It takes all of three songs of Personal Life to know that these are not the same Thermals who made The Body, The Blood, The Machine (possibly the best punk album of the ‘00s) and Now We Can See. There are no songs about turning into pillars of salt or about being dead; there are no allegories that strike out against organized religion; there is, comparatively, hardly any shouting. Instead, five albums in, the Thermals have decided to tone down the invective and turn back to the vaguely upset pop-punk of their 2004 album, Fuckin A. Indeed, the Chris Walla-produced Personal Life splits the difference between that album and the slow burners that have started to take up an increasing portion of every Thermals album (specifically Now We Can See). Granted, the Thermals are still better than any pop-punk competitor, but Personal Life, and its languorous tones, is at the front of the line for 2010’s biggest bummer.
You can’t expect a guy to be pissed off forever (unless that guy is Johnny Rotten), and Hutch Harris has had a pretty good streak, turning his anger at Bush-era evangelism into a monster of an album. But he comes down super hard on Personal Life, bellowing indolently over hardly moving grinders (“Never Listen to Me,” “A Reflection”) and talk-singing self-help anthems (“I’m Gonna Change Your Life,” “You Changed My Life” and “Not Like Any Other Feeling”). Thematically, the album is allegedly about love, but it’s vague in a way that the Thermals seemed past being; this is after all, a band that released an album about escaping America. Even the album’s semi-highlight -- the power-pop of “I Don’t Believe You” -- trades in broad platitudes. “Say you’re wasting away, say you’re wasting your days, I don’t believe you,” Harris shouts multiple times before leading the oh-oh-ohing chorus, never really providing much beyond that.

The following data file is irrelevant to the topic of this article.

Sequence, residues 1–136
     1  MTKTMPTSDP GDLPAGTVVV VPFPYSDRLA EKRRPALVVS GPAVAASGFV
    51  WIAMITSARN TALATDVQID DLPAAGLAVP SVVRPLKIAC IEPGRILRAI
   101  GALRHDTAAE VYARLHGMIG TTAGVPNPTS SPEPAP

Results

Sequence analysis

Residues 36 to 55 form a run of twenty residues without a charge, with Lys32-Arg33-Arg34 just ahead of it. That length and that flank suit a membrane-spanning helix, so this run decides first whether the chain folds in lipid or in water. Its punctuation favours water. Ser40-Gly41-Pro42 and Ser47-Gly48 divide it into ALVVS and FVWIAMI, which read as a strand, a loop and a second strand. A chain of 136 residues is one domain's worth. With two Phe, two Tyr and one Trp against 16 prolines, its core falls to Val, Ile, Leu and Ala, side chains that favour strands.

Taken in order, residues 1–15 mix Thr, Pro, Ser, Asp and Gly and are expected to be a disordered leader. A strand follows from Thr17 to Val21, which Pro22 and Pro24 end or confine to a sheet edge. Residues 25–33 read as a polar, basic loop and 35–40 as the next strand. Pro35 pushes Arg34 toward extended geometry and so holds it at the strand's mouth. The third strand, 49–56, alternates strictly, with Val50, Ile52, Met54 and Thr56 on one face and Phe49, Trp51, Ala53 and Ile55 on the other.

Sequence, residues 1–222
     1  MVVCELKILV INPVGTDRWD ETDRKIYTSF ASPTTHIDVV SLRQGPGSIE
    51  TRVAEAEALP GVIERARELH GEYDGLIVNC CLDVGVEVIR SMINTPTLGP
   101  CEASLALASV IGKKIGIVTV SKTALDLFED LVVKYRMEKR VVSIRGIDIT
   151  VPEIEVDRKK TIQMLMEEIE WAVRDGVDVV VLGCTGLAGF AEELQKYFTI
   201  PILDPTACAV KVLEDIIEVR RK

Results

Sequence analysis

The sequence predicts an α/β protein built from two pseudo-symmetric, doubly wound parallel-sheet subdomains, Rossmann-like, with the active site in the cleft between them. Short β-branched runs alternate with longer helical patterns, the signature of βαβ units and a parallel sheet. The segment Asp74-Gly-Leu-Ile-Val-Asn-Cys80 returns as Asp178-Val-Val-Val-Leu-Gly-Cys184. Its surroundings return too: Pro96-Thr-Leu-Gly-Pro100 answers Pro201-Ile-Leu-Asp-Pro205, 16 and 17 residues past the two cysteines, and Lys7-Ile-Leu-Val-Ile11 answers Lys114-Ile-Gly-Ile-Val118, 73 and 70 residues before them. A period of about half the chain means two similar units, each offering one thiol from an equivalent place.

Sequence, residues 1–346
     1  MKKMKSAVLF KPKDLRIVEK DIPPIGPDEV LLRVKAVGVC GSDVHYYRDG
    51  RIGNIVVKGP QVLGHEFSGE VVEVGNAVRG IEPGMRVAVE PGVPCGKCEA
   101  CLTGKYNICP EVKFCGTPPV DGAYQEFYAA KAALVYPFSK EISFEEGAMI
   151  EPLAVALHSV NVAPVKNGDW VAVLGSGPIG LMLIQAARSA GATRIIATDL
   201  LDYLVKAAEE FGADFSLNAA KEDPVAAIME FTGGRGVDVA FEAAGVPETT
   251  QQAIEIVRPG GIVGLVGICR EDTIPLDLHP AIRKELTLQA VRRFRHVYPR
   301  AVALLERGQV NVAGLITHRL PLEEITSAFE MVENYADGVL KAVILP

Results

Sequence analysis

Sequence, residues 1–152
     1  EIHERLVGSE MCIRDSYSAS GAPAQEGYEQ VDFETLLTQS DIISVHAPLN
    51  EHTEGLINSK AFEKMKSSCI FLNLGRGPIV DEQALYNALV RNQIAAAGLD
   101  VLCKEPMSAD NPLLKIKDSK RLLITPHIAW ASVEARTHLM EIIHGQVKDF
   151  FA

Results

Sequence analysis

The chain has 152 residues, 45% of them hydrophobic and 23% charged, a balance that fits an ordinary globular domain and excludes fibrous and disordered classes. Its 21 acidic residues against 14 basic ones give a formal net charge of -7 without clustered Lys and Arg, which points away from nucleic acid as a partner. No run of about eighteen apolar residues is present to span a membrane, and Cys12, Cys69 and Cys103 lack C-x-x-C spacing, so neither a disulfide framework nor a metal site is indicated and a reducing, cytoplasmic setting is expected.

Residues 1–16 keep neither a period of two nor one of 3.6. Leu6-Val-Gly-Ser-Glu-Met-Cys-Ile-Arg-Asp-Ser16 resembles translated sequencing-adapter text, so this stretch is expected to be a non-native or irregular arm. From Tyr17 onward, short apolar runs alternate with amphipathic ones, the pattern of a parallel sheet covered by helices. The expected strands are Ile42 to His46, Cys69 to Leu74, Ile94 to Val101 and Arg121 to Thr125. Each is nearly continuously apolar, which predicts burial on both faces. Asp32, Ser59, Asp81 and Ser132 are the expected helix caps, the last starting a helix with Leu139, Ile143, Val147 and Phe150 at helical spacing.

The worst thing you can say about Personal Life is that it’s hopelessly proficient. There isn’t a song here that truly rises above the rest, and nothing here is as offensive as anything you’d hear at a stop on the Warped Tour. It’s just a resolutely OK album that seems just as suited for a restaurant lobby as a punk show. The Thermals are still a pretty good band on Personal Life, it’s just that we’d gotten used to them being great.
The move from Sub Pop to Kill Rock Stars seems to have been a healthy switch for Portland indie punkers the Thermals. It was only last year that the trio released Now We Can See, their debut for the label, but productivity must be in the air at KRS, because the Thermals have already got another LP ready. Unlike the band’s past efforts, which manufactured themes of death, dystopia and politics into nasally, sneering garage-pop, this record's lyrics are meditative and love-centric -- not surprising, given it's titled Personal Life. Former Thermals collaborator Chris Walla (of Death Cab for Cutie) produced the album, which was recorded to tape, mixed to tape, and mastered from tape. Audiophiles, rejoice: You can listen to this love-fest in hi-fi. Or make out to it. Or bounce around to it. Your choice.
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